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Stocks Slump in First US Trading Since Downgrade

Monday, 08 August 2011 06:20 By Christine Hauser and David Jolly, The New York Times News Service | Report
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Wall Street stocks plummeted on Monday as skittish investors, already concerned about the economy, struggled to work out the implications of last week’s unprecedented downgrade of the United States government’s credit rating.

The declines, coming in the first opportunity for investors to sell since Standard & Poor’s cut its rating on the nation’s long-term debt late Friday, followed losses in global markets and set United States equities on track to extend losses that were beginning to recall the days of the 2008 financial crisis. They also reflected anxiety over the United States economy and Europe’s debt woes. The market’s declines grew steadily worse over the course of the afternoon. With less than two hours before the close of the trading session, the broader market as measured by the Standard & Poor’s 500-stock index was down 70.43 points, or 5.87 percent. The Dow Jones industrial average was down 524.49 points, or 4.58 percent, and the Nasdaq was down 152.27 points, or 6.01 percent. Following a dismal opening in the wake of lower European and Asian markets, stocks took a sharper turn downward as Standard & Poor’s announced additional downgrades, including cuts to the debt ratings of the housing giants Fannie Mae and Freddie Mac.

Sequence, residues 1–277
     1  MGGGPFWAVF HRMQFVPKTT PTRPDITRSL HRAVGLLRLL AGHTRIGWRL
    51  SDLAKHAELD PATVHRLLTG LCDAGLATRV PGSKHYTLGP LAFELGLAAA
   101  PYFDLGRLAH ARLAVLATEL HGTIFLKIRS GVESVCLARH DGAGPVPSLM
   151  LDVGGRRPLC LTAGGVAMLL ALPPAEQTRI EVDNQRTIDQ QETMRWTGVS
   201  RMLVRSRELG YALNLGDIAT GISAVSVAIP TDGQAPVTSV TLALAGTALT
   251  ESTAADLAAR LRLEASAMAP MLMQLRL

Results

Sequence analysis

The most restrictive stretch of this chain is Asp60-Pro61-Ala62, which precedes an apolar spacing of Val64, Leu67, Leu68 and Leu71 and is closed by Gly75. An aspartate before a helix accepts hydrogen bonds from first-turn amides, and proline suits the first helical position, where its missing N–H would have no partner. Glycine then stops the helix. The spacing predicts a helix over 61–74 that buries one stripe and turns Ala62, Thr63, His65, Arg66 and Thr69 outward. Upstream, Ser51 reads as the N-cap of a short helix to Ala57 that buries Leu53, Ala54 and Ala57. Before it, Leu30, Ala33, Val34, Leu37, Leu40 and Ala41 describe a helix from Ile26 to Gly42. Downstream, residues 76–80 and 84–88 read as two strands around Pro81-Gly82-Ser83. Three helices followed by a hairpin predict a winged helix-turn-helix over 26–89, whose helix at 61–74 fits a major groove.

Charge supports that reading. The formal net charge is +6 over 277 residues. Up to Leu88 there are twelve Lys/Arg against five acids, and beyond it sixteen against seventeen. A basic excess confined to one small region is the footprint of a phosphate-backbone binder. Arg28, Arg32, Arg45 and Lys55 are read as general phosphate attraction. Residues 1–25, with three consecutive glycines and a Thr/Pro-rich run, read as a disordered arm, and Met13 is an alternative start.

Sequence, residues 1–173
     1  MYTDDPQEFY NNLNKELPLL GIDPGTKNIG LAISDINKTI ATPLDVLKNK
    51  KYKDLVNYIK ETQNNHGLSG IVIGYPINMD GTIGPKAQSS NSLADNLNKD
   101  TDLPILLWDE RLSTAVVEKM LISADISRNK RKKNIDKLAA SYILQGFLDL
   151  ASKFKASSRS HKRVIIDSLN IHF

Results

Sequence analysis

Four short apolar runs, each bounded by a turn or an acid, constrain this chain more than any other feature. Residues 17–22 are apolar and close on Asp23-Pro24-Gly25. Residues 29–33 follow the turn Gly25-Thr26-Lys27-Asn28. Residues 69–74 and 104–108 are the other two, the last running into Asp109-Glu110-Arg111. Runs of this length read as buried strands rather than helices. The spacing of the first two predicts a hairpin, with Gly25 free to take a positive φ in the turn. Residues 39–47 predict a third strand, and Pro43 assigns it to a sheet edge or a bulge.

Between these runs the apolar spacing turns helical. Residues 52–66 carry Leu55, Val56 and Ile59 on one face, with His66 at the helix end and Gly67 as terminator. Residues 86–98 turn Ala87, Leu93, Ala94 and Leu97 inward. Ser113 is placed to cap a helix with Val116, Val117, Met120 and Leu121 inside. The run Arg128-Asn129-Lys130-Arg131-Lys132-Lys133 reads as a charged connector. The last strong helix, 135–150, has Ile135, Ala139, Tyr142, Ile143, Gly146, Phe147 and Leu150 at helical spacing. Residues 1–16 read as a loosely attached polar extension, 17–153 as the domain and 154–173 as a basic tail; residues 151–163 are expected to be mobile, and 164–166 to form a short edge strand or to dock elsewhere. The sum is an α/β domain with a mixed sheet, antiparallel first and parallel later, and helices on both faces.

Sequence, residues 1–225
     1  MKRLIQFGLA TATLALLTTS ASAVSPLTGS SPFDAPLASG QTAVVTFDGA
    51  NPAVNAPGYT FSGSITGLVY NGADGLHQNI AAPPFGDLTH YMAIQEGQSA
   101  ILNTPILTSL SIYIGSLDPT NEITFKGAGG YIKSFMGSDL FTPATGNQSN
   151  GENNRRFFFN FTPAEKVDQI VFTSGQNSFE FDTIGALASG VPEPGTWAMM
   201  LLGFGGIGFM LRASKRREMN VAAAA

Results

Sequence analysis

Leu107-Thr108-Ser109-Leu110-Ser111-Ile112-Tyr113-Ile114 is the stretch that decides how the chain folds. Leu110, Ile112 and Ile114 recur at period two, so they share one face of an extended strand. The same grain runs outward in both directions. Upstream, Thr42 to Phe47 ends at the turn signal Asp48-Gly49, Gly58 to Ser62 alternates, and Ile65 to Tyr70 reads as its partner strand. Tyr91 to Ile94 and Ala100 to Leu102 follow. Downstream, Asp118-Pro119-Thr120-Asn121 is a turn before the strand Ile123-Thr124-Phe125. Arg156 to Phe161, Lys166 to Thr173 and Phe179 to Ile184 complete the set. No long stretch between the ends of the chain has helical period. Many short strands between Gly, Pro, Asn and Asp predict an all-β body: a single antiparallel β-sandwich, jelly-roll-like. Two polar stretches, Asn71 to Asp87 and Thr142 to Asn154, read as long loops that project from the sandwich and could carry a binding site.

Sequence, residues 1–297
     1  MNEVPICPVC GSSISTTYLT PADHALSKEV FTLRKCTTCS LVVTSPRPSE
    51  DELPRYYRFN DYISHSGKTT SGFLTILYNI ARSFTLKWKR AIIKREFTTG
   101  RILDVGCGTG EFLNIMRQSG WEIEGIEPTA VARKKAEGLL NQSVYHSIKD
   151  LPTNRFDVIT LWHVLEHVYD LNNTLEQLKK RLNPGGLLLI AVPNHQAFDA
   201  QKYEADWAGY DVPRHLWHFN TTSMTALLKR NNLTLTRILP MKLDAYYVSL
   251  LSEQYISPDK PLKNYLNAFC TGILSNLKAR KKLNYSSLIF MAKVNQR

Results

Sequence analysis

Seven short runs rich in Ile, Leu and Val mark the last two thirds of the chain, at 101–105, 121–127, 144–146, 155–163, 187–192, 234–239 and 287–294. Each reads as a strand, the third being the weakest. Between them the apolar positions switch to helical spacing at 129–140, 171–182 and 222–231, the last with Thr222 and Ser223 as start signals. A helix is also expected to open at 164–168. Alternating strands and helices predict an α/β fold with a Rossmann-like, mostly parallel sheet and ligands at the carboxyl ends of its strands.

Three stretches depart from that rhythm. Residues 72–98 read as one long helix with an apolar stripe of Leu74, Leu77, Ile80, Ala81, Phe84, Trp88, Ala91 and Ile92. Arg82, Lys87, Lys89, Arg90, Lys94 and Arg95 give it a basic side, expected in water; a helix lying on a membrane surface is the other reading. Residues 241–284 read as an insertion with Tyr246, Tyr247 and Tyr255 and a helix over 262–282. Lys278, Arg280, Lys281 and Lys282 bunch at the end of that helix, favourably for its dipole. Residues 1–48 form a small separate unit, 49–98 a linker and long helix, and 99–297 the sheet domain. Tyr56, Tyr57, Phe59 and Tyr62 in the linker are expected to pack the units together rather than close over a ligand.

Financial stocks in particular were hammered, falling as much as 10 percent in afternoon trading.

Those stocks were reacting to the European debt problems as well as the downgrade news, said Jason Arnold, an analyst with RBC Capital Markets. But there were also underlying economic problems weighing on the sector, including those related to mortgage repurchase issues.

“For those that have sizeable mortgage repurchase liability exposure, the market is concerned about that as well,” said Mr. Arnold.

Mr. Arnold specifically mentioned American International Group’s lawsuit against Bank of America over hundreds of mortgage-backed securities in what could be the largest such action by a single investor.

Bank of America was down about 18 percent, and Citigroup was down more than 16 percent.

Another analyst noted that the market performance in recent weeks was bringing back echoes of the last financial crisis. The S.& P. 500 was down about 14 percent over the last 11 sessions, and last week was the worst five-day trading period since November 2008.

“The rapidity of the decline and its force now rivals almost anything we’ve seen in the post-war era,” said Dan Greenhaus, the chief global strategist for BTIG, a financial services firm. “We have fallen so far and so quickly that we are up there with the most vicious sell-offs.”

The downgrade of the United States long-term debt to AA+ from AAA has global implications, said Alessandro Giansanti, a credit market strategist at ING in Amsterdam.

“We can see that this may force the U.S. to move more aggressively to cut spending,” he said, something that could drive the already weak economy into recession and weigh on the economies of all of its trading partners. “That’s the main driver” of the stock market declines, he said.